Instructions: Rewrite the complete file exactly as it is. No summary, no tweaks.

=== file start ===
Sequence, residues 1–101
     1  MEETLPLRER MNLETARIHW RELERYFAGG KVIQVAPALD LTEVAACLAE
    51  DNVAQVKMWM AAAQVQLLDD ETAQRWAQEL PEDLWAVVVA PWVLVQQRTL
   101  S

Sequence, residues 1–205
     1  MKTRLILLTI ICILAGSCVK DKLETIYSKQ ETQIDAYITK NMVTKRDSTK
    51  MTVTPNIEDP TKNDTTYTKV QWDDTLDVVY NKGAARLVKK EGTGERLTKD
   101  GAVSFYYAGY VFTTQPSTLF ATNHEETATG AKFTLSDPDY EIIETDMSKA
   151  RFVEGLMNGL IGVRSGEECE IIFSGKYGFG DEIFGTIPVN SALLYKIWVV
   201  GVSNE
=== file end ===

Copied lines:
Sequence, residues 1–101
     1  MEETLPLRER MNLETARIHW RELERYFAGG KVIQVAPALD LTEVAACLAE
    51  DNVAQVKMWM AAAQVQLLDD ETAQRWAQEL PEDLWAVVVA PWVLVQQRTL
   101  S

Sequence, residues 1–205
     1  MKTRLILLTI ICILAGSCVK DKLETIYSKQ ETQIDAYITK NMVTKRDSTK
    51  MTVTPNIEDP TKNDTTYTKV QWDDTLDVVY NKGAARLVKK EGTGERLTKD
   101  GAVSFYYAGY VFTTQPSTLF ATNHEETATG AKFTLSDPDY EIIETDMSKA
   151  RFVEGLMNGL IGVRSGEECE IIFSGKYGFG DEIFGTIPVN SALLYKIWVV
   201  GVSNE